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The problem is not that there are problems. The problem is expecting otherwise and thinking that having problems is a problem. Theodore Rubin
Yesterday I was reading an excerpt from the book “What You Don’t Know: How Great Leaders Prevent Problems Before They Happen”, published at Knowledge@Wharton. In it, the writer Michael A. Roberto advocates that a big part of leadership is about preventing problems before they occur. The book starts with an example from the engineering world. This is how it is recapped:
These two stories provide a stark contrast in the handling of information suggesting that a potential problem exists. The managers in the Kansas City hotel case dismissed the concerns of others and reaffirmed their belief in prior judgments by experts. Who were these construction workers to suggest that engineering experts might have made an error? William LeMessurier approached his situation with far more intellectual curiosity. Intrigued by the questions posed by a young engineering student far less knowledgeable than he, LeMessurier chose to perform additional analysis. In time, he began to question his earlier assumptions and judgments. He chose to pursue his concerns and obtain the perspective of unbiased experts. LeMessurier represents the quintessential problem-finder. He did not simply assume that his expert judgments were correct. When he detected trouble, he dug deeper. He wanted to understand the nature of the potential problem. He did not seek to assign blame to others, nor did he let the possibility of a disturbing answer suppress his investigation. LeMessurier clearly approached his situation with a very different mindset than the people involved in the Kansas City hotel tragedy.
This passage immediately reminded me of what I wrote about in this blog yesterday – the “Toxic Tandem“. People in positions of power tend to be oblivious to the needs and actions of the people who have less power than them. Look at the bolded sentence in the quoted paragraph. “These construction workers” are the people who actually do the job. They are the people who walk the walk every day. They might be wrong, but ignoring them is not only dangerous, it is just bad management. But more importantly, you need to go out and seek them out. To hear them. To listen to what they are saying. Because they don’t always come to you. In yesterday’s post I emphasized this from managers’ perspective. Because people are the managers’ job. This excerpt actually gives a different reasoning: “You do not discover problems by sitting in your office waiting for the bad news to arrive at your door”.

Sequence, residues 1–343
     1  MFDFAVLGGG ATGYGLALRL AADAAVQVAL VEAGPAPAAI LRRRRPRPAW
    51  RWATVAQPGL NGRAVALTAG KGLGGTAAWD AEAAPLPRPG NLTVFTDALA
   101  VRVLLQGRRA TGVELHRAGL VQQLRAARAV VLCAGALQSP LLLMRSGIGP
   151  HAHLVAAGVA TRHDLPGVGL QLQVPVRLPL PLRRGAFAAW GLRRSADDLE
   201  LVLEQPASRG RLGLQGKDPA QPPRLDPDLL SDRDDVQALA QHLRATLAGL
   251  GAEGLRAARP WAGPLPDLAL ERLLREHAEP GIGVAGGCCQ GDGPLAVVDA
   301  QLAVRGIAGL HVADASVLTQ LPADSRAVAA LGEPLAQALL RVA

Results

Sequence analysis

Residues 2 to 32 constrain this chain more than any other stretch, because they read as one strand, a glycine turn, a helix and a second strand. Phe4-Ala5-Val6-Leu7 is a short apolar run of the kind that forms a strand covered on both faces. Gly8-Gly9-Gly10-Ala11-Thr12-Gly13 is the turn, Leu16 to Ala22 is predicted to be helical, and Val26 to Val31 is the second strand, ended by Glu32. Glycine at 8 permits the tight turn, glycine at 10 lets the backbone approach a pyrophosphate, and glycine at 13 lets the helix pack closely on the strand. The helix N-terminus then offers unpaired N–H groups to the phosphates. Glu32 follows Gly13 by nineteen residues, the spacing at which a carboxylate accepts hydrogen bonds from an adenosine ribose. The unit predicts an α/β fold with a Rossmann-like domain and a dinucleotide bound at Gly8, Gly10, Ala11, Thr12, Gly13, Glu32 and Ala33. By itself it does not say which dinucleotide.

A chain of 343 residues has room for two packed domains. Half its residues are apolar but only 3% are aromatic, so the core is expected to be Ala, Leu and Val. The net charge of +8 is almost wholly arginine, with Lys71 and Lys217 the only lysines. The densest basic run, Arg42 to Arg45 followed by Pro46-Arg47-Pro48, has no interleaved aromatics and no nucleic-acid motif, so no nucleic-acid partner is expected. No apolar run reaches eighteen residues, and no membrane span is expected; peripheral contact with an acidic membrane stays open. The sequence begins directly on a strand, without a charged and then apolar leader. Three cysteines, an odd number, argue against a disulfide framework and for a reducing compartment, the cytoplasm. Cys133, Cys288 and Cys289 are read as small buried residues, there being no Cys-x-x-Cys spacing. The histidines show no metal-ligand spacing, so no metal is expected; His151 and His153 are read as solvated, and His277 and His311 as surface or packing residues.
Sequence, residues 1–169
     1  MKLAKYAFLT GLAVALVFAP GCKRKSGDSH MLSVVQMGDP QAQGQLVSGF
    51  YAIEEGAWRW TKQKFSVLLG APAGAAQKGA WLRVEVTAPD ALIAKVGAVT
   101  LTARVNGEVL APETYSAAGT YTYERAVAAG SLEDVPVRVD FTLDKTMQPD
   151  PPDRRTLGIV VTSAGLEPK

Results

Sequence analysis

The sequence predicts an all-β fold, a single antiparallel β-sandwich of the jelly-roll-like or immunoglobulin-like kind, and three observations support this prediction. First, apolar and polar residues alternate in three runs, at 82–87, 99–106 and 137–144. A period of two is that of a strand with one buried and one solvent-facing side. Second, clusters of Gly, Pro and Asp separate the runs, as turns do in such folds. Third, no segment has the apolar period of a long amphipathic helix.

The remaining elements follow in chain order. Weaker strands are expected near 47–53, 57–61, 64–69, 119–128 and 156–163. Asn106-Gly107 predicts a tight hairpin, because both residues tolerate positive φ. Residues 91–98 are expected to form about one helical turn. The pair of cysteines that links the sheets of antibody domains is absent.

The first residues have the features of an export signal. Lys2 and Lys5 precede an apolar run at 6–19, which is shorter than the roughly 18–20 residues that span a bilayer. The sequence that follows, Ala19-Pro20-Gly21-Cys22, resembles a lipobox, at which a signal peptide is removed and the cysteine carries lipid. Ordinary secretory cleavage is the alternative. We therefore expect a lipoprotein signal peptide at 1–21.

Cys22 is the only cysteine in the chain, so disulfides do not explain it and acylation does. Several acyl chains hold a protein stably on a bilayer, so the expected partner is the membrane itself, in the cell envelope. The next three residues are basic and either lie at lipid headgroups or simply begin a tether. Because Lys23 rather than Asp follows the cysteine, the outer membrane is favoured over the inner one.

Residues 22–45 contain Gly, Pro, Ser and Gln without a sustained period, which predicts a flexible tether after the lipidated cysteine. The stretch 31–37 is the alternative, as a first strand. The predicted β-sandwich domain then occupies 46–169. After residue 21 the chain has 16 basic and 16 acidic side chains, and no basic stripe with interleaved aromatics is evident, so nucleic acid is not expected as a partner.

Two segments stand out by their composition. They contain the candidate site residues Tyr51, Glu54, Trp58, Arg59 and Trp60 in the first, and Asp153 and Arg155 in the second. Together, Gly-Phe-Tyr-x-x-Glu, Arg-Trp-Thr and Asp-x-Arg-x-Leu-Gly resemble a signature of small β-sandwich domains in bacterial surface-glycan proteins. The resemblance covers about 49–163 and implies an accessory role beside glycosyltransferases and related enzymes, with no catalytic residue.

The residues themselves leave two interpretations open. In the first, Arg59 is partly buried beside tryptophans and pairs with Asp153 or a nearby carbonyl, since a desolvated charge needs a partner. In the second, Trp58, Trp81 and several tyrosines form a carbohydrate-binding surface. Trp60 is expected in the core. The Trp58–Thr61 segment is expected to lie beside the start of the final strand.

The second paragraph that appealed to me was dealt with assigning blame:
Successful problem-finders not only exhibit a curious mindset, but they also embrace systemic thinking. They recognize that small problems often do not occur due to the negligence or misconduct of an individual. Instead, small errors frequently serve as indicators of broader systemic issues in the organization. Effective problem-finders do not rush to find fault and assign blame when they spot a mistake being made. They step back and question why that error occurred. They ask whether more fundamental organizational problems have created the conditions that make that small error more likely to occur.
In Hebrew we have a term called “תחקיר” (Thachkir). The official translation into English is the word “debrief”, but this word means other things as well. In Hebrew it only stands for a discussion of an event after it occurred. The Israeli Air-force is known around the world for its implementation of after the event debriefing. I actually used to teach about it while I was serving in the Air-force. The main idea is that the recipient of this debriefing is the system and that blame is not part of the process. The blame is part of a different process. This is done in order to eliminate the fear of the consequences. You try to understand what happened, why, and how to prevent it, without asking who is responsible for what happened on a personal or organizational level (“the marketing department”). In the Israeli Air-force this is done regularly after every event, accident, exercise, etc. This is something I think should be, in some senses, better implemented in the business world. Stopping and thinking about why things happened without questioning the specifics of this case and who is to blame but by thinking about the process and the future. About the bigger fundamental organizational problems. This is hard to do in the day to day mess we are handling. But doing so, helps prevent problems instead of solving problems.